So much for theory, a decent antenna test range, and sufficient space to lay down an effective ground system.  With Sevick’s results and cautions about narrow bandwidth, high voltages at the top of the antenna, and the establishment of a proper radial field, I set out to use as much of the professor’s guidance as I could.  Those first efforts years ago were interesting, to say the least.

And now, with some time on my hands, I decided to refine and improve my 40 meter helical vertical without going too far astray from Sevick’s design.


I had a 10-foot (3.04 meters), 2-inch diameter (5.08 cm) piece of schedule 40 pvc pipe under the house for the antenna support.

I hammered a 5-foot (1.52 meters) wooden stake into the ground to support the mast.  The pvc pipe would be slipped over the mast when I completed the helical winding of the antenna element.

I cut 16, 10-foot (3.04) pieces of #16 AWG wire for the radials.  I used a pizza cutter to dig a groove in the lawn for each radial.  In a few days, the grass-covered the radial system.  Lawn mowers didn’t seem to bother the radials once the earth and grass covered them.  The radials were buried approximately 1-inch (2.54 cm) below the lawn.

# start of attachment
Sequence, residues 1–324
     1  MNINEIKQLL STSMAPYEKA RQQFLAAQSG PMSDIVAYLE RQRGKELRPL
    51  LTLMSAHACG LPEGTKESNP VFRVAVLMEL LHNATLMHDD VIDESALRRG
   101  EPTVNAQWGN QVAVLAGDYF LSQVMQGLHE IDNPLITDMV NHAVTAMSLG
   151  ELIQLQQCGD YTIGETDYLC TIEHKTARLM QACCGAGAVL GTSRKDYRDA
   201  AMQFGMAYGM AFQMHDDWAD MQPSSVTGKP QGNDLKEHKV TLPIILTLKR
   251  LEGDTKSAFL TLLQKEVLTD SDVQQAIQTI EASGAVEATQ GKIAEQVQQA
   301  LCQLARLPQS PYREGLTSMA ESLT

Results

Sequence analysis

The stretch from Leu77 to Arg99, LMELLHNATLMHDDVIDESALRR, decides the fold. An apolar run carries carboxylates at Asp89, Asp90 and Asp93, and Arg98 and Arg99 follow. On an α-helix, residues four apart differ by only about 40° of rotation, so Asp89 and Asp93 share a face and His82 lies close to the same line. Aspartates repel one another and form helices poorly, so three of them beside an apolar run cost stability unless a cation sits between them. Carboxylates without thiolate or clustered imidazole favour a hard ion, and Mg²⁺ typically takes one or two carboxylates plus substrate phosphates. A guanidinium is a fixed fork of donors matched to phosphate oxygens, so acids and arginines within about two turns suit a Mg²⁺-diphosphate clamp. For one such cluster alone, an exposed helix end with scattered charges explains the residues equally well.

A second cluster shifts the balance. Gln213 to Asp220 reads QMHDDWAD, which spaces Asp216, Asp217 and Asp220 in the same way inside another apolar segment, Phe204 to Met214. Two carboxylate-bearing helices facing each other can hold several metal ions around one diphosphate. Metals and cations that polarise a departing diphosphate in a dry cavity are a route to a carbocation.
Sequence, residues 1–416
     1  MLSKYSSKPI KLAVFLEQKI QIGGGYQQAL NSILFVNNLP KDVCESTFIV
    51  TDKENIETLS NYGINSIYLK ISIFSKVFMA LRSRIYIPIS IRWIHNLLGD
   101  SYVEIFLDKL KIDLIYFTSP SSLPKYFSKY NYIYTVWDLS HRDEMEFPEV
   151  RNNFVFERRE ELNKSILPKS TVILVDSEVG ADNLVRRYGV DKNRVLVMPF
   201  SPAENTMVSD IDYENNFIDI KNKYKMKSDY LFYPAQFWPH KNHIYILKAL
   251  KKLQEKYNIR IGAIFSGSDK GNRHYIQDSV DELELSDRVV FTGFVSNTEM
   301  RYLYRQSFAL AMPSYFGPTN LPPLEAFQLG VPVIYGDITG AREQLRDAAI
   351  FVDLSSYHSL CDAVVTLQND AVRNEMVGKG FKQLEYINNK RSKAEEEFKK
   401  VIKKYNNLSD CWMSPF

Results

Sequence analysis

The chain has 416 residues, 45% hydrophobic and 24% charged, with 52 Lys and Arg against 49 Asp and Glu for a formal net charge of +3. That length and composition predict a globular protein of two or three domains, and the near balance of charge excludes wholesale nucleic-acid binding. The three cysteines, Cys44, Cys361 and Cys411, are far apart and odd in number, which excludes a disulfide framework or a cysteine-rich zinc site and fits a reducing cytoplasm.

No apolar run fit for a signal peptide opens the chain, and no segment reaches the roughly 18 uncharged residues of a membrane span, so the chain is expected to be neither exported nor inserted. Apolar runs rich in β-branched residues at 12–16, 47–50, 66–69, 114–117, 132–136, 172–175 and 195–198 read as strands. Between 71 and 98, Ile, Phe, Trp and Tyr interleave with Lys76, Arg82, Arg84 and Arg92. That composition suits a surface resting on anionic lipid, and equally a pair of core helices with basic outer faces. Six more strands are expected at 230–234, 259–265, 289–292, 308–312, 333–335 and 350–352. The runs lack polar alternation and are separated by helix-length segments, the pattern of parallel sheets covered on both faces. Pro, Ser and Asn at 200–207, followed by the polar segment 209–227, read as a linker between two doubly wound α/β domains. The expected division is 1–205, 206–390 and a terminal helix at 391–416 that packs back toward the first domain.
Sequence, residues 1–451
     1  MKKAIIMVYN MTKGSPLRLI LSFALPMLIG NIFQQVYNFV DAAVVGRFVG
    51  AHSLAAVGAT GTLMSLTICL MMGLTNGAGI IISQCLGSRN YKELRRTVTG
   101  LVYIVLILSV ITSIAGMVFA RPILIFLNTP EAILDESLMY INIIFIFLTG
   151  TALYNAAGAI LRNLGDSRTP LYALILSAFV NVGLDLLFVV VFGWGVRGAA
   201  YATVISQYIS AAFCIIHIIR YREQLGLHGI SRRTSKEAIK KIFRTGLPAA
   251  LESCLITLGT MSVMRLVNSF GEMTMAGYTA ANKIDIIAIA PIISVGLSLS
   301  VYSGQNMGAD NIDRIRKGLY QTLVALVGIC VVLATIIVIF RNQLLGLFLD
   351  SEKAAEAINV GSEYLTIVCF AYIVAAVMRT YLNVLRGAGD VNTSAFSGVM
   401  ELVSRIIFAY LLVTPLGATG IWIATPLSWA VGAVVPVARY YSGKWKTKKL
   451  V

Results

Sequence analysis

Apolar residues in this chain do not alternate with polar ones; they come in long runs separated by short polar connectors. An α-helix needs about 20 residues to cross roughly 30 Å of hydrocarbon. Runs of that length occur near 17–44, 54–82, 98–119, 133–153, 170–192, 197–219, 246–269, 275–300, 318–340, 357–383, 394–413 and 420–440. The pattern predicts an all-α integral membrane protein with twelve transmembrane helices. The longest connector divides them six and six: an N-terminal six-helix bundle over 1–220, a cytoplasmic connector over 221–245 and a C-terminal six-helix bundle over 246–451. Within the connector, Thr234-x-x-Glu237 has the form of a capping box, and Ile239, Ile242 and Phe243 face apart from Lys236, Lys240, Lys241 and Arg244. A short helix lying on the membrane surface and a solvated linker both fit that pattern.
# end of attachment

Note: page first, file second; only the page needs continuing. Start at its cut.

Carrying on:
According to the “ARRL Antenna Book, 14th edition”, “no strict rule has been established concerning how short a helically wound vertical can be before a significant drop in performance is experienced…a guideline might be to maintain an element length of 0.05 wavelength or more for antennas which are electrically a quarter wavelength long…thus, use 13 feet or more of stock for an 80 meter antenna, 7 feet for 40 meters, and so on.”  I chose a length of 10-feet (3.04 meters) for the mast.

The same antenna reference noted that “there is no hard-and-fast formula for determining the amount of wire needed to establish resonance in a helical antenna.  Experience has indicated that a section of wire approximately one half wavelength long, wound on the insulating form with a linear pitch…will come close to yielding a resonant quarter wavelength.”  With that in mind, I wound 66-feet (20.12 meters) of #16 AWG wire on the pvc pipe.  To prevent the top portion of the antenna from catching on fire (I had that experience earlier), I provided some capacitance top loading with a 10-inch (25.4 cm) aluminum pie plate attached to the top of the pvc pole and connected to the end of the helix.